MP, Douglas Mwonzora accused of labeling President Robert Mugabe a “goblin” during a rally in 2009 and that of Bulawayo artist, Owen Maseko who was charges with insulting President Robert Mugabe through “offensive” paintings of the Gukurahundi massacre. The criminalisation of citizens’ expression on online platforms that they trust to be secure enough to engage and access information on social, economic and political issues, is an unfortunate development.
It has serious implications on the use of technologies and their impact for greater democratic citizen engagement and the development of the country. This is something that should be taken seriously particularly at this point in time when the country is already in a pre-2018 election mode. Surveillance and monitoring of activity on applications such as WhatsApp is technically difficult for internet service providers to monitor activity on it. Particularly so after the application introduced an end-to- end encryption of its services. However, there are other impediments that enable the continued clampdown on online opinion and expression.
Firstly , it is us citizens who make these clampdowns easier as we voluntarily spy and report on each other. It is also important to note that following a tip-off, the transmission of insult messages can be charged under Section 88 of the Postal and Telecommunications Act (PTA). This should also be viewed in the context of the statutory obligations of mobile network service providers in that regard.
A clear demonstration of this is the 2015 arrest of Tatenda Benjamin Machingauta after he sent a message to a WhatsApp group insulting Buhera South legislator, Joseph Chinotimba’s beard. Econet, reportedly co-operated in that regard by submitting details of the sender leading to his arrest. Undoubtedly as we draw closer to the 2018 election, Zimbabwean internet users being aware of their vulnerability online, will try to play it safe, by either self-censoring or simply not engaging on critical conversations that have a bearing on their livelihood.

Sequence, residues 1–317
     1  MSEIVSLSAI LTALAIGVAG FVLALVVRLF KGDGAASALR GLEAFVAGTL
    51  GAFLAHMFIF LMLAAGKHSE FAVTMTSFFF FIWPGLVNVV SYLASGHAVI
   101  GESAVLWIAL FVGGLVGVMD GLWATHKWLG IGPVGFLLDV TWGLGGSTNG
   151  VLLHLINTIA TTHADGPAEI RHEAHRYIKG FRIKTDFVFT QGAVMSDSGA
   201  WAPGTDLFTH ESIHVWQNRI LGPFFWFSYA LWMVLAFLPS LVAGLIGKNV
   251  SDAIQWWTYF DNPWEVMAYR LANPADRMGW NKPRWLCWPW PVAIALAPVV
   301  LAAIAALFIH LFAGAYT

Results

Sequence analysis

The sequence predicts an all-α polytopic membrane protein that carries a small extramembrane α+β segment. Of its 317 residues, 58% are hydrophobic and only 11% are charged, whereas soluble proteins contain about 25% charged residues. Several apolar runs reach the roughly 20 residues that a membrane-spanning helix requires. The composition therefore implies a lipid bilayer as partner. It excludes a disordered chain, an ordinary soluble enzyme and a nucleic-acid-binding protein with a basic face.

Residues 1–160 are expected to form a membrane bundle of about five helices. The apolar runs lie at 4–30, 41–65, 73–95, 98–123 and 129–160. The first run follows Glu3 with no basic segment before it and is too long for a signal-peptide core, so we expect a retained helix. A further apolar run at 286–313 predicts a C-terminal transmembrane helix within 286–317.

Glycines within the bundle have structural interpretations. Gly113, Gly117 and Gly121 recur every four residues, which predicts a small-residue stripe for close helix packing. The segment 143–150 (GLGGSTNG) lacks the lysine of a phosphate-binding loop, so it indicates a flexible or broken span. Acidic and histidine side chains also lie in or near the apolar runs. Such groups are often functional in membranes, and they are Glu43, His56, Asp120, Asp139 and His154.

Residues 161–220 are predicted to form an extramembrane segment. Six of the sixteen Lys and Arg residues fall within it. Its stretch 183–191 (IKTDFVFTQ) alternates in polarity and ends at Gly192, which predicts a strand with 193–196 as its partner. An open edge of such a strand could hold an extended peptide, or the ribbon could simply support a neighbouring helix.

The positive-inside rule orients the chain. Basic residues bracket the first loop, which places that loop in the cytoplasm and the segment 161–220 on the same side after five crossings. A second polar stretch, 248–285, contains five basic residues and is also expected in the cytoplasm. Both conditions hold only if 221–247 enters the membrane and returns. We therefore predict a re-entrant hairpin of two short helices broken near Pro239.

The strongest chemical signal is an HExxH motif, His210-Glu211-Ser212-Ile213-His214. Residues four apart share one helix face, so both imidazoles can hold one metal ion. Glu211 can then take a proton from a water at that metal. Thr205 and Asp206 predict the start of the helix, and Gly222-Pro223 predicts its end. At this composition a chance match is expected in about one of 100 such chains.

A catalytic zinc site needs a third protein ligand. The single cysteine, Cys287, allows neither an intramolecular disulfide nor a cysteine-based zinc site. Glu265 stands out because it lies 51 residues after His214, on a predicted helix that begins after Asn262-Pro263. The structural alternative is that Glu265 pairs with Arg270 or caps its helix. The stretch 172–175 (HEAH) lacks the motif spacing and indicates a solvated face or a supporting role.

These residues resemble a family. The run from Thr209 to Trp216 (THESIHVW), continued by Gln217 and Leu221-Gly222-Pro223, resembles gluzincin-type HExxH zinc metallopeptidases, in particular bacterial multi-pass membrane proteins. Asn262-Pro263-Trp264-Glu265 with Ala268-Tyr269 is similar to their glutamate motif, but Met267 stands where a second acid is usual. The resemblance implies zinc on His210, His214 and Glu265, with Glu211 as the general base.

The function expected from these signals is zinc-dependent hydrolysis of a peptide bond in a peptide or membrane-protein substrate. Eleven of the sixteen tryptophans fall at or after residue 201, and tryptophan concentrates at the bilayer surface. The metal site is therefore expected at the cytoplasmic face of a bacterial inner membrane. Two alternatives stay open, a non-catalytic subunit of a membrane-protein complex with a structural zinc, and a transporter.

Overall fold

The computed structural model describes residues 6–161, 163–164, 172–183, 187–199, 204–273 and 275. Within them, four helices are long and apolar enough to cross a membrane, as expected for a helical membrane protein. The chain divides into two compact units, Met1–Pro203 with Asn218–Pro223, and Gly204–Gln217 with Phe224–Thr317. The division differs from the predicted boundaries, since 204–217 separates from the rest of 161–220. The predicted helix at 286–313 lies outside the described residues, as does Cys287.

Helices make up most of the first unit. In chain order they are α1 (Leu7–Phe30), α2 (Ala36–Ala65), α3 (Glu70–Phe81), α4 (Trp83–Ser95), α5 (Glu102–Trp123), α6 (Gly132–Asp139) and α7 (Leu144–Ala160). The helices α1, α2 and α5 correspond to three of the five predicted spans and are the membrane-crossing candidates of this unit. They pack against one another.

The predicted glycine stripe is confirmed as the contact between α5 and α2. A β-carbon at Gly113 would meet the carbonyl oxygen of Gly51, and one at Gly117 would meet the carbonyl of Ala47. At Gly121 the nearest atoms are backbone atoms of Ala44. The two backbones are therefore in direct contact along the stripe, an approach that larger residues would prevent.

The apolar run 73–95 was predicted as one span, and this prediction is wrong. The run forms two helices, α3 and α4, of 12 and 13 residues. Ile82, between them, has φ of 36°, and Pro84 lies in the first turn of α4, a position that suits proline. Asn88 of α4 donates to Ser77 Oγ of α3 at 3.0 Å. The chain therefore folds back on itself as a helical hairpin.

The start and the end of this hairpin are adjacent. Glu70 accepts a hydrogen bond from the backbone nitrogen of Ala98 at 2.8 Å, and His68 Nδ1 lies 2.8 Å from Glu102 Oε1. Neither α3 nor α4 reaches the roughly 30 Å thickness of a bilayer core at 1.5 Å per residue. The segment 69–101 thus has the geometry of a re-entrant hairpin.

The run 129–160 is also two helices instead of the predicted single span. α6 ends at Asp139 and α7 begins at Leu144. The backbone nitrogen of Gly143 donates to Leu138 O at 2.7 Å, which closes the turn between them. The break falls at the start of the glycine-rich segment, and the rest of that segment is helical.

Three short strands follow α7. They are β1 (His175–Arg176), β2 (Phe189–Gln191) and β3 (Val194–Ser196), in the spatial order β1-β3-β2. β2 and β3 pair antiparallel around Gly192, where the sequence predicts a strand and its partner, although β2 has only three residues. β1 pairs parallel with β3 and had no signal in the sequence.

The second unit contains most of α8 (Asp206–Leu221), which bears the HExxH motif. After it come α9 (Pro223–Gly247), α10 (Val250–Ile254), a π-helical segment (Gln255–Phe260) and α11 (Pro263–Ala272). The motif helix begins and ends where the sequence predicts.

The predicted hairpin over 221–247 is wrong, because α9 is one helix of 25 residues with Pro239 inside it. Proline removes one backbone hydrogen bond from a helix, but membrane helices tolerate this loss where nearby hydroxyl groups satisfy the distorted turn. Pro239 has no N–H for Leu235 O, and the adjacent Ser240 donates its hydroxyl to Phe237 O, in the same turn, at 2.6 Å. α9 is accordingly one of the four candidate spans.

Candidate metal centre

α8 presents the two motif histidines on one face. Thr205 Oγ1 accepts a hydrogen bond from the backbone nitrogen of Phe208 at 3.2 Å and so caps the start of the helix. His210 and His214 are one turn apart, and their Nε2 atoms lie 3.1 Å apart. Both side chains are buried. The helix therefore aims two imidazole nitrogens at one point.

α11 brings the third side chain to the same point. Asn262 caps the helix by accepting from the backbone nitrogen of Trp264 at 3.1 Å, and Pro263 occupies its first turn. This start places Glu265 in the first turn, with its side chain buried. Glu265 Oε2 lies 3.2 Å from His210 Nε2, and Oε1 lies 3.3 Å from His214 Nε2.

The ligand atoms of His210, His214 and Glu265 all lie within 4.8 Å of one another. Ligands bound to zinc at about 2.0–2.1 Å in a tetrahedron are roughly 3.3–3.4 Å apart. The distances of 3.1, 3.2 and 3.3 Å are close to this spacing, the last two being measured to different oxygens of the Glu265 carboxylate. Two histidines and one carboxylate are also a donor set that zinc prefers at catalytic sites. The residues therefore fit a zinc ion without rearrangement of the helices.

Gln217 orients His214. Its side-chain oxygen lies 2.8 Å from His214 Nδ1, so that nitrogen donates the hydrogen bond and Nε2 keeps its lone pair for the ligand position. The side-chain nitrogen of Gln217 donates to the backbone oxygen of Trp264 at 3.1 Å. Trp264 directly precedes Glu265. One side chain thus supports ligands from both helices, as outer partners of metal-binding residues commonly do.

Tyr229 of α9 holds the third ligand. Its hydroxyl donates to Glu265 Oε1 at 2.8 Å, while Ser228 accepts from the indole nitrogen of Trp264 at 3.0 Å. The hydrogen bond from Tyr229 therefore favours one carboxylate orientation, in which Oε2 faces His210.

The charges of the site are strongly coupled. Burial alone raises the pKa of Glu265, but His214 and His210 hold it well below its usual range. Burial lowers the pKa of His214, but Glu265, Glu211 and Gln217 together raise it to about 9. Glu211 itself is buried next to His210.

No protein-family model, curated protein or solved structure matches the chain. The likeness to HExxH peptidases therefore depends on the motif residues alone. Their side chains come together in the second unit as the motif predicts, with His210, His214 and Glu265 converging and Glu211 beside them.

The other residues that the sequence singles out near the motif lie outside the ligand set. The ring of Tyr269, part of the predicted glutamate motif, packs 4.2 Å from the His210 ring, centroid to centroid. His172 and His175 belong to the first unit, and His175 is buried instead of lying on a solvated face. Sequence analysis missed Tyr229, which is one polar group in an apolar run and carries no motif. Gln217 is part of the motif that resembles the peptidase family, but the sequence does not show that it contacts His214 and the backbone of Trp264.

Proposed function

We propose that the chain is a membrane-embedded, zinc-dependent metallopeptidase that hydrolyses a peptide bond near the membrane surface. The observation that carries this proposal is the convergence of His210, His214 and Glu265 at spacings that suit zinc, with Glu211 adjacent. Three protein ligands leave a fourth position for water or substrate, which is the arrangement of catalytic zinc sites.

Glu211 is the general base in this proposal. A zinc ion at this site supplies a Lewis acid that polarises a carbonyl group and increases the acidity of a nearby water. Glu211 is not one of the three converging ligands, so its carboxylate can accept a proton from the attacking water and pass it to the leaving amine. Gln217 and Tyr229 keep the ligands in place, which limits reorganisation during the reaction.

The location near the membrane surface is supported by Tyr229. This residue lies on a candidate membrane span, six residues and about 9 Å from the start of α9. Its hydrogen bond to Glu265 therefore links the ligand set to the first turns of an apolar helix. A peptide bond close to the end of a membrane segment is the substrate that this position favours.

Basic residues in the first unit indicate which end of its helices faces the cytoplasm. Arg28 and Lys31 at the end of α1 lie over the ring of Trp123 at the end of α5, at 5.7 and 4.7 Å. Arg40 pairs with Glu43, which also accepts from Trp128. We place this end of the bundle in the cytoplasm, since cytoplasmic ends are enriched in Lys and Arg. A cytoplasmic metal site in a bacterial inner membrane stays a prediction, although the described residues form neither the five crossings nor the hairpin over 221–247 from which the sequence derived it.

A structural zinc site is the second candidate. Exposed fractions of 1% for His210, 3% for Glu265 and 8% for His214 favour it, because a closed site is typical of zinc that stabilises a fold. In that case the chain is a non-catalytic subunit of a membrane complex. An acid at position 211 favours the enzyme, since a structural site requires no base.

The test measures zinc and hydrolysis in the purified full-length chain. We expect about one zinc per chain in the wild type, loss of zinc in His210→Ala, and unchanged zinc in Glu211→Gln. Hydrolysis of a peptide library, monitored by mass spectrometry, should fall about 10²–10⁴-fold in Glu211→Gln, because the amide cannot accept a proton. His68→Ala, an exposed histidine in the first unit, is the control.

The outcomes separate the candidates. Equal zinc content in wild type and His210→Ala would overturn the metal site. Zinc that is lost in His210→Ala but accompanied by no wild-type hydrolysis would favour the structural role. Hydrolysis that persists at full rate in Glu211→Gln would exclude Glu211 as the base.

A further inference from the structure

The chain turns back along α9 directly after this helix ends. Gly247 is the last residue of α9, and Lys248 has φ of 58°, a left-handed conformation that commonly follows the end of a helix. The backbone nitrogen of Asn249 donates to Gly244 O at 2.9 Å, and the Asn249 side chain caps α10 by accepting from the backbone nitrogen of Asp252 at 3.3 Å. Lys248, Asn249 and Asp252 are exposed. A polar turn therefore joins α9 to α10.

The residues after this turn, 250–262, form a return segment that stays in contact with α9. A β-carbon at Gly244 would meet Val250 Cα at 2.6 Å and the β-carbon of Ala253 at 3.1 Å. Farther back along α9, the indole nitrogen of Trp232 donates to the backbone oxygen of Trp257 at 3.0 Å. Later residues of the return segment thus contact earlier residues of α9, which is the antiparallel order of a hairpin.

What is critical at this stage is recognition that for the internet to reach its fullest potential of allowing Zimbabweans to enjoy their human rights, internet users must be aware of their rights to expression online and demand its decriminalisation. This should be within the ambit of the broader legislative reform agenda given that rights restricted offline through a litany of laws can also be eroded online under the very same Acts by the ruling elite.
Koliwe Majama is the Programme Officer for Broadcasting and ICT at MISA-Zimbabwe.
Visit the MISA Zimbabwe website to see more detailed and comprehensive research undertaken by MISA-Zimbabwe on current laws that have an impact on internet use in Zimbabwe.
About MISA Zimbabwe
The Media Institute of Southern Africa (MISA) Zimbabwe was founded in 1996. Its work focuses on promoting, and advocating for, the unhindered enjoyment of freedom of expression, access to information and a free, independent, diverse and pluralistic media.